7. Hat and Rehat

    Hat and Rehat Call Me a Cab

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    There you go! Lemonade from lemons.
     
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  8. Hat and Rehat

    Hat and Rehat Call Me a Cab

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    I'm glad you're on the mend, Greg. A word of advice: fake it.
     
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  9. Hat and Rehat

    Hat and Rehat Call Me a Cab

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    Whatever doesn't kill me makes me stronger.

    Maybe.
     
  10. belfastboy

    belfastboy I'll Lock Up

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    No, too French!
     
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  11. Hat and Rehat

    Hat and Rehat Call Me a Cab

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    I suggest an over/under .22/.410 on the nature walk. Put a baby bottle nipple on the barell. Soft hollow points for the over round, medium shot on the under.
    This is just the way I think, and I'm still kicking ---- in spite of myself.
     
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  12. M Hatman

    M Hatman My Mail is Forwarded Here

    Yes, my business has been much effected too (initially down 90 percent we are back to about 50%).....

    Here in Illinois the positive tests have gone through the roof BUT the hospitalizations and deaths have dropped just as dramatically at the same time.....it seems many who are now testing positive HAVE ALREADY HAD THE VIRUS and now have the antibodies. So...GOOD NEWS. However we are being warned that with all the civil unrest throughout the state a couple of weeks ago (no mask wearing of course) ..that may not be the case going forward.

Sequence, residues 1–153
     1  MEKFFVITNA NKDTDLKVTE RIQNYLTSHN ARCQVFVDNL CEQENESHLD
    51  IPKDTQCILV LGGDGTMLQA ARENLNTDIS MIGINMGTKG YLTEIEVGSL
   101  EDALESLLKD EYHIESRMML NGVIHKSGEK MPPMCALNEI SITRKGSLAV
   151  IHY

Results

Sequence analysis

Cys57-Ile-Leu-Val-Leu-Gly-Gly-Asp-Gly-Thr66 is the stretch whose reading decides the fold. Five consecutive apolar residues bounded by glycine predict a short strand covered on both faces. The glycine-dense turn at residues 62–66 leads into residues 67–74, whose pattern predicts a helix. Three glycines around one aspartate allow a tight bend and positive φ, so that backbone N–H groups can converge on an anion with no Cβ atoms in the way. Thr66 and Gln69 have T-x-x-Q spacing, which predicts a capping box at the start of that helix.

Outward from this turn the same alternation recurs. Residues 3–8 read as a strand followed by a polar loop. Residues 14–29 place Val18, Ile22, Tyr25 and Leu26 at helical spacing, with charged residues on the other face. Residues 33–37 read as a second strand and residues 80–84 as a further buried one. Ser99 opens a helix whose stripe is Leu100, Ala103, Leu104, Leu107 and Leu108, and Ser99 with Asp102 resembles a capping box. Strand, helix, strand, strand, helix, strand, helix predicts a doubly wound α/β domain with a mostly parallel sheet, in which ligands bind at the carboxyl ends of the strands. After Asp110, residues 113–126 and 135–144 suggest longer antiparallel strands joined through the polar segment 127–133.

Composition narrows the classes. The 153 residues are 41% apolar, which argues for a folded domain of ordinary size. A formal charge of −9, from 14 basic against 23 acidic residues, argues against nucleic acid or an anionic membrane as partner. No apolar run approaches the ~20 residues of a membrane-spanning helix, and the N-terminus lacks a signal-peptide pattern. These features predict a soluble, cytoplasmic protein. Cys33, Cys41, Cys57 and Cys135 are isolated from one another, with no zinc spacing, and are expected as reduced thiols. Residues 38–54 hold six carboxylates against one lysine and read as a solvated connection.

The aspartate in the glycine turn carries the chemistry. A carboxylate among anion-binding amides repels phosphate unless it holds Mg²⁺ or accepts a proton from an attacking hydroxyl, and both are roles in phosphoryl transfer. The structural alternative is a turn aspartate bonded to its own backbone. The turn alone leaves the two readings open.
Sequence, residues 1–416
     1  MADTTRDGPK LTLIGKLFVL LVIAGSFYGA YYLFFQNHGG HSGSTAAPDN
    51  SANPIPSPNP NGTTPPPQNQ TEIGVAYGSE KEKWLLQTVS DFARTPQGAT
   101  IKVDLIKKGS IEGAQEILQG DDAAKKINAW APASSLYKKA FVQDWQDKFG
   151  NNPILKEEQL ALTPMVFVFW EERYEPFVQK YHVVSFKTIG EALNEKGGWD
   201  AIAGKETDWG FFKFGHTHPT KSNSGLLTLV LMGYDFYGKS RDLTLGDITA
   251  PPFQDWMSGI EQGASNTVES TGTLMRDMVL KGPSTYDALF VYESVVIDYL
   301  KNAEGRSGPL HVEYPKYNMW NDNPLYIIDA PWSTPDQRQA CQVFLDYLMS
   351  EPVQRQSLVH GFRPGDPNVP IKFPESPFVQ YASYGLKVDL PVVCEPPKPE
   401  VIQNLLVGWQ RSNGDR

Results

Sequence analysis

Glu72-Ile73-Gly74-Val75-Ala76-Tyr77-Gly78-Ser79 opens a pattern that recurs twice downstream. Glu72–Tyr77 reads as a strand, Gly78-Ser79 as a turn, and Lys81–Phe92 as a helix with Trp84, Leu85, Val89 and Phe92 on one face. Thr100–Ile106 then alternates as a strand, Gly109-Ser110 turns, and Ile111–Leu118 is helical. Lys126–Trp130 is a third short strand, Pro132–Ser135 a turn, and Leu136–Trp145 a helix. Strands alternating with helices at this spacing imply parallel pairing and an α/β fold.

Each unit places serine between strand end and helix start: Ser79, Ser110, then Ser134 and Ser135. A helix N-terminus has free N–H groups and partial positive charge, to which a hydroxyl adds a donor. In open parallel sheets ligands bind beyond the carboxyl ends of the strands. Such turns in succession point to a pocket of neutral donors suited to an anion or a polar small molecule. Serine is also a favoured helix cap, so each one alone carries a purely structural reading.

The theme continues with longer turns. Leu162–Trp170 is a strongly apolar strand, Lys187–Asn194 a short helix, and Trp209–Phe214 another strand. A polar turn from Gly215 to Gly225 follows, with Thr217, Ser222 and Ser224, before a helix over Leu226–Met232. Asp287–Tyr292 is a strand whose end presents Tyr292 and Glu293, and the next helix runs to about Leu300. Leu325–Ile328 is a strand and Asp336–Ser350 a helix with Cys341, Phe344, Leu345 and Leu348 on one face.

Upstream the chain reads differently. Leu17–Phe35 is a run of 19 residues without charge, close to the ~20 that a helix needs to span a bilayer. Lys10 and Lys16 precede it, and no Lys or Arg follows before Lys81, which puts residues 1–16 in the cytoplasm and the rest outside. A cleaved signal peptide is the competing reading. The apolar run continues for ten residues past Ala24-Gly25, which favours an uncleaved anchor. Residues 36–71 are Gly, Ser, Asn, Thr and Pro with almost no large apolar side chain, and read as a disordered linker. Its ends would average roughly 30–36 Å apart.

Here where I live, the Tri-county area has had less than 30 cases this whole time!!! (less than .0003% incidence!!!).....with all but one recovering from home. We have had just one hospitalization.....(for a 90 year old who then succumbed to Pneumonia).

    The larger cities with 30,000 or more had to suffer an additional hit with the vandalism, arson and looting costing many untold millions of dollars in losses.....for far too many, that additional loss has closed their doors permanently:(:(:(.

    But on the upside we CAN still listen to YODELING!!!!!!!:):):D:D:D:D:p:p:p

    I don't know.....it just makes me smile!!!!!!;););););)
     
    Last edited: Jul 6, 2020
  13. belfastboy

    belfastboy I'll Lock Up

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    We are now just into a phase 3 reopening of businesses and so far so good. New cases are single digits per day and I think the deaths are still just number 170 or so in a population of 5 million. The sad stat is that in Canada over 80% of the deaths have occurred in LongTermCare homes. So if you back out those numbers we have had just over !500 deaths in the entire country. Given those numbers I can certainly better understand the cavalier attitude of many, particularly amongst the young. Me, I never go to the beach anyway!
     
    M Hatman likes this.
  14. Glad to hear it Mark. Figuring out cash flow to make it all work can take away a lot of productive time.
     
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  15. M Hatman

    M Hatman My Mail is Forwarded Here

    So very true.......initially the cash flow lead me to actually selling some things:eek::eek: (things I had bought to sell or trade eventually anyway:rolleyes::rolleyes:). I have far too much cra.....er....stuff. I have even been selling off some trade hats:eek::eek::eek::eek::eek::eek::eek::eek::eek::rolleyes::D:D:D:D:D.
    But, things are slowly getting better..................AND
    tenor (1).gif
    MY closet is slowly clearing out!!!:D:D:D:D:D:D
     
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  16. GHT

    GHT I'll Lock Up

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  17. Jhoff_1979

    Jhoff_1979 One of the Regulars

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    I and the family are alive and well. Thanks for asking.
     
  18. Rmccamey

    Rmccamey Call Me a Cab

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    Stay safe, Eric.

     
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  19. RBH

    RBH Bartender

    I was able to meet Kristyn and her friend Hailey Sandoz in Fort Worth a few years ago. I was with Buckaroo Hatters at Red Steagall's Cowboy Gathering. Kristyn and Hailey came in Mikes booth and Hailey bought a hat.

    Hailey is wearing her Buckaroo Hatters hat.
    [​IMG]
     
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  20. Hat and Rehat